In September Federal Reserve Board chairman Ben Bernanke’s Jackson Hole speech caused gold and silver to break out of their long-standing respective trading ranges of US$1,550-1,640 and US$27-29 an ounce.
At the time dealers noticed that there was a slight “backwardation” in the market – that is, spot or cash prices were trading at a slight premium to early 2013 futures quotes. This usually indicates that demand exceeded immediate availability of bullion. In normal commodity markets, there is a “contango” as futures prices should be higher than cash quotes because of interest, insurance and storage expenses.
The big question is what happens now that gold is trading close to an important resistance level of $1800 an ounce?
The jewellery industry is by far the biggest consumer of gold and as the price rose in recent weeks, Jewellery makers and industrial buyers in Asia, Italy and the US were wary of being caught short of supplies. They were competing with central banks, pension and hedge funds, and individual investors and speculators who have been buying because of fears that quantitative easing (QE) of Professor Bernanke, European Central Bank (ECB) chief Mario Draghi and the Bank of England (BOE) governor Merwyn King were already causing inflation to accelerate.
Now that prices are higher, the market is delicately balanced. Jewellery and industrial demand is waning. Moreover, Indian and other gold holders who are struggling financially, are selling their gold and silver to scrap dealers to obtain cash. This gold is sent to refiners which are melting and selling the metal to investors. Thus the key to future prices is whether investors, central banks and speculators absorb the extra supplies and keep the upward momentum going. The outlook of the dollar is also important. If growing numbers of currency dealers, who are currently betting on an Obama victory, believe that Romney has a better chance, the dollar could rally unexpectedly. In the past, dollar strength has usually been associated with gold weakness. That is why the pivotal point of $1800 is so important.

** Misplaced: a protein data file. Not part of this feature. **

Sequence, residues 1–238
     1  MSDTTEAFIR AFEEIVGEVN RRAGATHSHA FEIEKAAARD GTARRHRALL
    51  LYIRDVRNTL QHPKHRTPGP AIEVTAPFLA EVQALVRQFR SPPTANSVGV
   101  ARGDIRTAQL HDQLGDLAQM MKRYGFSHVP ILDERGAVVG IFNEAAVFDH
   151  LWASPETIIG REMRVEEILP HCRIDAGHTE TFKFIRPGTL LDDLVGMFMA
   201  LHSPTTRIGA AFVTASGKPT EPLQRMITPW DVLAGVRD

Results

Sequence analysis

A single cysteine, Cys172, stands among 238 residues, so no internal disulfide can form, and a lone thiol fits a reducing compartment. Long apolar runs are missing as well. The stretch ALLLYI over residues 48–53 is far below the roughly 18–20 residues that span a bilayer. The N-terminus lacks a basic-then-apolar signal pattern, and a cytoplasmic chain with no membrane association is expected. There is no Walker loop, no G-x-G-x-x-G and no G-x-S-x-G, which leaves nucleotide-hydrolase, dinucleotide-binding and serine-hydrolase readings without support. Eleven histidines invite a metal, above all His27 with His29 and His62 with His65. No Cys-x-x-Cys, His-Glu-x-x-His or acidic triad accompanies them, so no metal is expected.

Gold, however, could be supported between $1650 and $1700 an ounce in the event of any decline. The increase to already bloated monetary reserves aimed at keeping short- and long- term interest rates at negligible levels to boost economies, is a boon to gold enthusiasts. It is no longer expensive to hold the metal. Moreover monetary ease in the past few years have brought in their wake competitive currency devaluations which encourage investors and central banks to buy more gold.
In particular, the greenback has weakened against the yen, Swiss franc, sterling, the Singapore and Australian dollars, the dysfunctional euro and a variety of other currencies. But since there is limited trust in the euro, sterling and several other currencies, a proportion of the money has shifted to gold and has been placed in other real assets.
Mr Bernanke noted that some $2.3 trillion has been monetised to buy US Treasury and other bonds, prior to his intended latest buying spree of some $85 billion a month. Since the programme began in late 2008, the gold price has doubled and earlier this year peaked around US$1,900 an ounce, while silver touched US$50 last year.
Several economists and politicians have accused Mr Bernanke of blatant electioneering for incumbent President Barack Obama.
“By allowing its monetary policy to be influenced by elected politicians and market speculators, the Federal Reserve is putting its independence at risk,” stated the eminent economist Allan Meltzer, professor of political economy at Carnegie Mellon University’s Tepper School and author of A History of the Federal Reserve.
Such fears have caused Republicans to debate whether the global monetary system should return to the gold standard. A move into antiquity is highly unlikely but central bank policies, including zombie bank bailouts, have caused monetary instability – which in turn has raised volatility in global markets and contributed to business uncertainty, a low level of investment and high unemployment.
Bullion dealers contend that gold would have been higher because of these concerns had demand not slackened in India and China due to economic slowdowns in those major gold-consuming countries.
But geopolitical worries about Iran and other Middle East nations are also keeping the golden pot boiling. Precious metals, of course, are also risky as they have tended to fall during periods of broad market declines.
© Copyright- Neil Behrmann- Author Trader Jack-The Story of Jack Miner